AWCA thanks PwC, Ms. Madikane and Mr. Shango for their time and valuable insight.
OUT to Lunch with Brooks Mparutsa
Perhaps you’ve heard the saying “numbers are a man’s game”. Perhaps this was the case in the 70’s when shoulder pads and bee-hive hairstyles were the order of the day. Much has changed since then and the Charted Accountant profession is no exception. Brooks Mparutsa, Hollard’s Chief Financial Officer and a qualified Chartered Accountant, reflected on the days when he qualified: “there were only two African CAs in my year. 19 years later, there are more than 3200 qualified African CA’s in our Country and the number is growing” says Brooks.
Out to lunch was the theme of an energy-packed afternoon, held at the Hollard Campus in the beautiful Villa, on Thursday 30 January 2014. Quite appropriate to the date was the fact that thirty African Female Chartered Accountants gathered for a delicious lunch followed by inspiring speeches by several of Hollard’s Exco Members: Nyeleti Shirilele, Heidi Brauer and Brooks Mparutsa. Also in attendance as were several, young and talented trainee CA’s who decided many years ago that becoming a CA was what they were born to do. It’s was remarkable to hear how this dynamic and distinguished organisation has apart from their full-time role of mentoring, aiding and marketing the profession, also successfully managed to mentor and sponsor 58 young women by means of a full bursary, in order to become qualified Chartered Accountants.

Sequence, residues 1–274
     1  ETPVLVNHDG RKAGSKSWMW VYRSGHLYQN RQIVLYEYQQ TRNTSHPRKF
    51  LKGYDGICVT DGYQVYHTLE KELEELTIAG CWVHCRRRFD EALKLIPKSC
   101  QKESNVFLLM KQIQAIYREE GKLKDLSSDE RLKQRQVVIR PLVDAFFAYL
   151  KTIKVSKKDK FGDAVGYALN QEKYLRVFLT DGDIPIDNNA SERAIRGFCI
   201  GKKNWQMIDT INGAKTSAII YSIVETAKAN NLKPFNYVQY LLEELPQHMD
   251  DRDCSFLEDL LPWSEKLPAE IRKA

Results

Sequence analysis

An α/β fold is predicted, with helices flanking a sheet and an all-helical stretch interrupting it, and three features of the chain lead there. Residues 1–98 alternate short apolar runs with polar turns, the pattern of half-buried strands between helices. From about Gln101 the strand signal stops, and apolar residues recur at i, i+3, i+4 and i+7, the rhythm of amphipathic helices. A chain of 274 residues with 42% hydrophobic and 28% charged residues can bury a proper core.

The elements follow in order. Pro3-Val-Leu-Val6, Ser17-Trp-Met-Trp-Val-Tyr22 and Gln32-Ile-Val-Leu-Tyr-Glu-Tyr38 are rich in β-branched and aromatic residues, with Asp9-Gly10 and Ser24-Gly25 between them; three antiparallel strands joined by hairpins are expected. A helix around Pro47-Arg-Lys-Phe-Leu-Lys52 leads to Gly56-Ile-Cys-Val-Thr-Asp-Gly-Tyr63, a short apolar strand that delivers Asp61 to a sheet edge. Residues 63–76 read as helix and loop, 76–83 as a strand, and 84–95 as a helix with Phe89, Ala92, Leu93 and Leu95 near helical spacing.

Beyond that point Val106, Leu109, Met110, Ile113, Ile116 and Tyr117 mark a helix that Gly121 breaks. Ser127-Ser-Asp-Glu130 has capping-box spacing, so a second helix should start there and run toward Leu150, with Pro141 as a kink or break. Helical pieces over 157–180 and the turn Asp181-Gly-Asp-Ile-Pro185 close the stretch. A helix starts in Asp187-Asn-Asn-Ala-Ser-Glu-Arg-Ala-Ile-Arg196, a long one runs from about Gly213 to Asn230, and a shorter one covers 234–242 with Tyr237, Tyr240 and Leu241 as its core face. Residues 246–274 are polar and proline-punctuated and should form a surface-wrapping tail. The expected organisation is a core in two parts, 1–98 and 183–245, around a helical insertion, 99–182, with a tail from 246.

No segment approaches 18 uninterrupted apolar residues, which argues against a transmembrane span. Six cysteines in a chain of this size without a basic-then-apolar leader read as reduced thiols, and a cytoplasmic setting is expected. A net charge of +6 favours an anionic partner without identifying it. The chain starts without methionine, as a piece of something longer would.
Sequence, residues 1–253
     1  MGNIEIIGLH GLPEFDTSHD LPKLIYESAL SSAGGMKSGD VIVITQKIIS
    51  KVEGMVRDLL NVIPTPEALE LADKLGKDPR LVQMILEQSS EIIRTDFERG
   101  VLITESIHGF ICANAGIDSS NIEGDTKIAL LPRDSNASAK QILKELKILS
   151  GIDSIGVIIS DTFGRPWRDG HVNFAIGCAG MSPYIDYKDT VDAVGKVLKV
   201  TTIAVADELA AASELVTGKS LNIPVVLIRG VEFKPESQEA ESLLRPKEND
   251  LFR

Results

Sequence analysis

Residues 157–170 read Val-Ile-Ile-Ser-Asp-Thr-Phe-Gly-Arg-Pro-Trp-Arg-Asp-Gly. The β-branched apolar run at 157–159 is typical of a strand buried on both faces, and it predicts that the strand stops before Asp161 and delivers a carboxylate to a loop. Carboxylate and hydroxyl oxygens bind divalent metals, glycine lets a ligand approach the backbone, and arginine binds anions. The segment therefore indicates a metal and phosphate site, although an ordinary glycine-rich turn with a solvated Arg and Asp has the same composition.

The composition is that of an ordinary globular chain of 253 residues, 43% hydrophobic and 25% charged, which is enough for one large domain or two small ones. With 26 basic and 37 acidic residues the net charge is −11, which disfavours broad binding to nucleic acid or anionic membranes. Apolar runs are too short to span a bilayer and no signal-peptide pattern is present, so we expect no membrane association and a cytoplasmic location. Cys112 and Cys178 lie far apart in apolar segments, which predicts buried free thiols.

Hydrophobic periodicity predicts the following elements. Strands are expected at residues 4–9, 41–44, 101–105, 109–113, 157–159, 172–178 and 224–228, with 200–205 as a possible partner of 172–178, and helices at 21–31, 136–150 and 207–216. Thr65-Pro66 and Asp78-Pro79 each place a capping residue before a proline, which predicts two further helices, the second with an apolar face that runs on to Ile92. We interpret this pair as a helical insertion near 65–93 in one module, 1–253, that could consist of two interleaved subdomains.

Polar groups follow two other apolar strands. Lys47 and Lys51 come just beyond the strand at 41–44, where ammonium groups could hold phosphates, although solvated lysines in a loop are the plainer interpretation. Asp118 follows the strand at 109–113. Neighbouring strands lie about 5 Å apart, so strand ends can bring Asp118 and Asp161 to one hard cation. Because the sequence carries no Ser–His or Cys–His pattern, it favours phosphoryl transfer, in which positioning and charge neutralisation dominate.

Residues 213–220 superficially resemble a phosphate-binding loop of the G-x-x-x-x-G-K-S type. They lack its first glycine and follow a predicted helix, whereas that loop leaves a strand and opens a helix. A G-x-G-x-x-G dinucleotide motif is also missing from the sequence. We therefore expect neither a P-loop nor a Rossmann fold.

To some, the letters CA simply represents the naming convention of the Capetonian number plate. To most organisations, a CA is an integral part of the staff. Without them, these organisations would not be able to operate. “Women are far more than just an opposite sex to men, they are un-replicable and courageous and their contrast in society must be celebrated” said Heidi in her opening address to the audience. Do you remember your Grandmother telling you that eating all your carrots at dinner was good for your eyesight; or that putting butter on your skin after a burn would help with the healing process? Well, according to Brooks, there are even crazier myths out there. “Women are not ambitious, not willing to make the necessary sacrifices it takes in the corporate world and that women lack in confidence”. He asserted that the women he has worked with are proud, courageous, hard-working and committed and every single woman that attended the luncheon is a walking, talking, breathing example of just how successful women in South Africa are. “A woman should walk tall, smell like a woman, dress like a woman and be proud to be a woman”, said Nyeleti. “Gone are the days when in order to make it in a so-called man’s world, women had to pretend to be as tough as a man,” chuckled Nyeleti. “The truth is women are as tough as any man, if not tougher and we need to celebrate this difference by not seeing this as just that, a difference, but rather as an opportunity to make a difference”, Heidi responded.
In a world where we are judged not by who we know, but rather by the scars which we carry on our backs, we need to remember that anything can be accomplished. Whilst the lunch was predominantly about Women, the lesson to be learnt by everyone is that with hard work, determination and perseverance, we can be the change that we ultimately wish to see.
By Darron Sahayek